transport networks — e.g. air travel and container/bulk shipping
production networks — particularly those of transnational corporations (TNCs)
political networks — especially those that focus on economic/trade ties
demographic networks — flows of people
The internet provides one of the best indicators of connectivity.
It has been adopted rapidly and widely and is now part of everyday life, especially in developed countries.
It requires certain key support features which are strongly related to levels of development:
computer hardware and software
internet service providers
telephone system (or wireless system)
money to pay for service
businesses willing to go online
political freedom to use it
The internet (1)
In 2007 1.3 billion people were using the internet.
Growth has been uneven, creating a ‘ digital divide ’ between the developed and developing worlds.
The divide is related to income levels and technological infrastructure.
The growth in internet usage in the developing world is becoming quite rapid, but has a long way to go before a significant percentage of the population is connected. Africa remains the big ‘loser’ in terms of internet usage.
The table on the next slide shows the distribution of internet usage across the world.
The internet (2) World regions Penetration (% population) Usage (% of world) Usage growth, 2000–07(%) Africa 4.7 3.4 882.7 Asia 13.7 38.7 346.6 Middle east 17.4 2.5 920.2 Latin America/Caribbean 22.2 9.6 598.5 Europe 43.4 26.4 231.2 Oceania/Australia 57.1 1.5 151.6 North America 71.1 18.0 120.2 World total 20.0 100.0 265.6
Global hubs are switched-on places possessing qualities that make other places want to connect with them.
In some cases, these are the obvious world cities , e.g. London and Tokyo.
In other cases, they may possess a particular attribute that others wish to connect with, rather than displaying a full range of connections, e.g. Bangalore.
Many of the global hubs host the major TNCs .
They tend to be places of increasingly diverse culture as flows of people, finance, trade and ideas converge on them.
Creating connections (1)
Creating connections is a major challenge for the world’s poorest nations.
Getting ‘ switched on ’ to globalisation requires certain key criteria to be met.
Increasingly there is a need for sophisticated communications technology .
Creating connections (2)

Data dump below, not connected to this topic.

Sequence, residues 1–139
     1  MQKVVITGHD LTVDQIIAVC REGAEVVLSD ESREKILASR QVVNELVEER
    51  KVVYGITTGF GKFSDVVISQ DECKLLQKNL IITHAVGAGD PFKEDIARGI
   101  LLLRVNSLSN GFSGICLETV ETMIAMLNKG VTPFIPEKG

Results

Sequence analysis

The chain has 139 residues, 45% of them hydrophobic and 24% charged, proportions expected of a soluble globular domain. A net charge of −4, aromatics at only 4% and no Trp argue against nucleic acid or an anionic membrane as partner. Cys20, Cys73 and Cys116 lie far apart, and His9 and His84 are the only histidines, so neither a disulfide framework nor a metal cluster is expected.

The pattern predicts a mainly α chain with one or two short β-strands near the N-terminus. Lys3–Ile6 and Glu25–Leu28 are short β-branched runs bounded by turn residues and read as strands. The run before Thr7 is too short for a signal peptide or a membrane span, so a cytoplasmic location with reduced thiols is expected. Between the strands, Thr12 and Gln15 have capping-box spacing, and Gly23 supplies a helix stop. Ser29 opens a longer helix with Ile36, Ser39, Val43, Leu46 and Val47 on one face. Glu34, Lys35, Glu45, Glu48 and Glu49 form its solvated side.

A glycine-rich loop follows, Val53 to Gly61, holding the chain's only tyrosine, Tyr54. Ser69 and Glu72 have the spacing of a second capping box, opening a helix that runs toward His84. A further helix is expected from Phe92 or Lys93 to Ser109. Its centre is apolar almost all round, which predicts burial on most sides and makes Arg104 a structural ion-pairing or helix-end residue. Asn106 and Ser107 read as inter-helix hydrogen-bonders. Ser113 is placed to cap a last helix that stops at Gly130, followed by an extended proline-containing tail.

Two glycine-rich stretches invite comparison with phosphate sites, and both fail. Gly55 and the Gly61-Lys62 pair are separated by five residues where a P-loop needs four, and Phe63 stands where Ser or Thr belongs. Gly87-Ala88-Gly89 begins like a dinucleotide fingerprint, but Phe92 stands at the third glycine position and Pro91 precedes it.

a long-term strategy of economic reform
policies that have been found not to work have been changed — pragmatism rather than dogmatism
investment in infrastructure building
a stable society
investment in human capital
The global success story in terms of creating connections is China , with its 15 years of 9–10% annual economic growth. China’s success has resulted from:
Creating connections (3)
China has attracted a huge amount of foreign direct investment (FDI) .
This has contributed to the fact that China is now on the verge of becoming a mass-consumption economy, at least in the heavily populated coastal zone.
The $100 laptop (1)
One project which aims to connect people in the developing world is the one laptop per child (OLPC) scheme , or the ‘$100 laptop’. This began in 2005.
The laptop itself is a wind-up machine, using open-source software.
A number of large TNCs donated $2 million each to launch the project, including ebay, Google, AMD and News Corporation.
Haiti, Mongolia, Afghanistan, Rwanda and Mongolia were pilot countries.
Mexico, Peru, Uruguay and Mongolia have ordered laptops.
The $100 laptop (2)
the $100 price is too high
the costs of setting up, training and internet access are not included in the price
there are more pressing problems, e.g. lack of clean water, sanitation and food
Few very poor countries have expressed an interest in the project. It has been criticised on the basis that:
China in Africa
Encouraging FDI is one way of kick-starting the development of the least developed countries.
China is increasingly desperate for mineral and fossil fuel resources and so is investing heavily in parts of Africa.
Parts of Africa have benefited from this investment, particularly as a result of the rise in commodity prices since 2001.
It remains to be seen whether the benefits will spread beyond a few mining (e.g. Zambia, Zimbabwe) and oil-rich (e.g. Nigeria, Sudan) countries.